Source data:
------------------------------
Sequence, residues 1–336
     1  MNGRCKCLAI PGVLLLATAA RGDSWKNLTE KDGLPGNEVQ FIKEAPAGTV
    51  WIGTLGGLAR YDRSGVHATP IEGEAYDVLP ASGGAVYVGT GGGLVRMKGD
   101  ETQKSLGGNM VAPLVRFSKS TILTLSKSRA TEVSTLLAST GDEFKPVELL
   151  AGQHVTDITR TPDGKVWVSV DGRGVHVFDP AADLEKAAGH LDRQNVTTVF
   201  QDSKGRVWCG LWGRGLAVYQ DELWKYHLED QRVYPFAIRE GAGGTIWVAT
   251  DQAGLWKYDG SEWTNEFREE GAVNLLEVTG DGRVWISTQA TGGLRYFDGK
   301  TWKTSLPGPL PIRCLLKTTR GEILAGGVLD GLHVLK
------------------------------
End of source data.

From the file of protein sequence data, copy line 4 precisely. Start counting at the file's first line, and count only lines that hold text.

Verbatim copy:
   101  ETQKSLGGNM VAPLVRFSKS TILTLSKSRA TEVSTLLAST GDEFKPVELL